We Also Like Putting Some Strange Elements In Pop Music
29/03/2020, Stef COLDHEART
Amber Teaser is an Italian formation set up in 2017. “Human Ritual” is the band’s debut album, which was released at the end of 2019 on the Russian electro-pop label ScentAir Records. I discovered a mature sound production and original electro-pop songs mixing different elements together. The band consists of singer Mimmo Modeo, Teo De Cillis (producer) and Antonio Iacca (composer). I talked about this promising debut with the band’s instigator, Antonio Iacca.
Amber Teaser is a rather new name active in the wider fields of electro-pop music. Can you tell us how you got contaminated by the electro-pop virus? Who is Amber Teaser? What have been your sources of inspiration and possible references when it comes to songwriting and what is the name of the project all about?
Personally, I liked electro-pop since I was 13 years old and when an uncle of mine from Germany gave me a gift, it a tape of Depeche Mode’s album “Construction Time Again”. Despite it all, I became a metal-fan and later on also a metal-musician but I've always been a synth-pop/electronic music fan. So that’s why I decided to start an electro-pop project in 2018 with the producer Teo De Cillis and the vocalist Mimmo Modeo.
So Teo and I arranged and produced a bunch of songs, which resulted in the album “Human Ritual”. I think we are influenced by Silicon Teens, Depeche Mode, Kraftwerk, New Order and some ’70s space synth-music for several delayed synth sequencers that we used in the songs like “Dioxine”. We also like putting some strange elements in pop music like, for example, the reversed guitars in “Mistery”.
It seems you’re not only influenced by electronic music but also by the classical composer Franz Shubert. What do you like in the work of Shubert and if it’s an influence, how do you incorporate it in your own composition?
Yes we like European classical music from 1600, 1700 and 1800. We named Franz Shubert in order to declare our love for the classical compositions. If you listen the instrumental coda in E Major from the title track, you can find some classical music elements mixed with synth music.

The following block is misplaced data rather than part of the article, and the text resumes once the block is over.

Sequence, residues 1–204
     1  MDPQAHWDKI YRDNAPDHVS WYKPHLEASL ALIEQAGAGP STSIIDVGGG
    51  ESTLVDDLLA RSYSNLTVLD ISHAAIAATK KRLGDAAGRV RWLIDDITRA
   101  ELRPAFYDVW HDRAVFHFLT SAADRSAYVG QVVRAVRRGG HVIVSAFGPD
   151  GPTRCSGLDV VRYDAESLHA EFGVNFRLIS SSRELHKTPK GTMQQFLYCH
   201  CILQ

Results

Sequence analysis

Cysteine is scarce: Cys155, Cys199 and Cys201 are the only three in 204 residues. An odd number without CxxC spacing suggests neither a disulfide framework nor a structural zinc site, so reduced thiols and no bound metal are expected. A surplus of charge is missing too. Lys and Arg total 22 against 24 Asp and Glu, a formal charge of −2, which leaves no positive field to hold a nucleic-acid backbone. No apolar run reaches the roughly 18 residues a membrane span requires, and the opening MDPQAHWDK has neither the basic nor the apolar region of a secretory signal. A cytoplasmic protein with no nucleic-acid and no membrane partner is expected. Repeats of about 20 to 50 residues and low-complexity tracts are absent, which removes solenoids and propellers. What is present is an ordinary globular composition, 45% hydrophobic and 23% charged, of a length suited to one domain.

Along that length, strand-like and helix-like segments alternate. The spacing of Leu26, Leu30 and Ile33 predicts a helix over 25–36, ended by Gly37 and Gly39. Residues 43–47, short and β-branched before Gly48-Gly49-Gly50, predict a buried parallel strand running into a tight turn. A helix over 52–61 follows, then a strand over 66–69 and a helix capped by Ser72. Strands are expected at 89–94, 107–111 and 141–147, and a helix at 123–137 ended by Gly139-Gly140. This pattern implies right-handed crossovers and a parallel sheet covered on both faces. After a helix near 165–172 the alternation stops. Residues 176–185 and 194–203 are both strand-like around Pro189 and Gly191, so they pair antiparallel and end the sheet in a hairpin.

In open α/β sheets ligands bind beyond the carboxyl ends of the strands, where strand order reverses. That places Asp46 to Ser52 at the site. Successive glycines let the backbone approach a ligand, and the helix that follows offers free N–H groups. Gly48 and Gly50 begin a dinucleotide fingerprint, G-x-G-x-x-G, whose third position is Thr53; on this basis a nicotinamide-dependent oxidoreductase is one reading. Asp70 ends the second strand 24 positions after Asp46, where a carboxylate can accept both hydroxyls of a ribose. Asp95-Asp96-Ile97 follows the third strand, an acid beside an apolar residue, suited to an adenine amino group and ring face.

Last year you released your debut album “Human Ritual”. Tell us a bit more about this opus? What did you keep in mind from the composing/production process and how would you introduce this album to people who don’t know you yet?
In my opinion “Human Ritual” has two souls; some songs like “Dancing In A Restaurant” or “Go Out From this Chaos” are more pop-oriented while others like “Dioxine” or “Mistery” are more experimental. The CD was recorded and produced by me and Teo; we used both analog and digital synths in order to create the sounds but all pre-amplifiers, compressors and the mixer console we used was analog. We processed some guitars through fuzz pedals and even through the mixer console itself in order to get different kinds of sounds.
I was really impressed by both debut songs from the album; “Dioxine” and “Go Out From This Chaos” which both appear to me as the most sophisticated tracks from the album with a perfect balance between electronics and guitar play. Tell us a bit more these songs?
The song “Dioxine” talks about the industrial sector of my city, Taranto. We wanted to get an industrial sound, you know, jarring, metallic etc. but also atmospheric so we mixed together a typical four-to-the-floor pattern, a space synth sequencer and tremolo picking based guitars on the harmonic minor style, in typical black metal way. “Go Out From This Chaos” is more Joy Division, New Order inspired and it was the first song I wrote for the project. This song is melancholic and talks about a personal experience.
I noticed you also made a clip for the song “Here”. Why did you choose this song and what did you try to express in the clip?
Because we wanted a visionary kind of clip, and the song “Here” fits perfectly in my opinion. The atmosphere in the clip is very cold because of the black and white effect and it reflects the cold nature of the song, based on ring modualtor-sounds, sampled female vocals and cold synth sequencers.
What have been your live experiences so far? How do you try to transpose the music on stage and what does 2020 hold when it comes to live performances?
We played a lot of gigs in music clubs here in Italy and we will do the same for the promotion of "Human Ritual" in 2020. The feedback is good and we are trying to arrange some gigs also outside of Italy.
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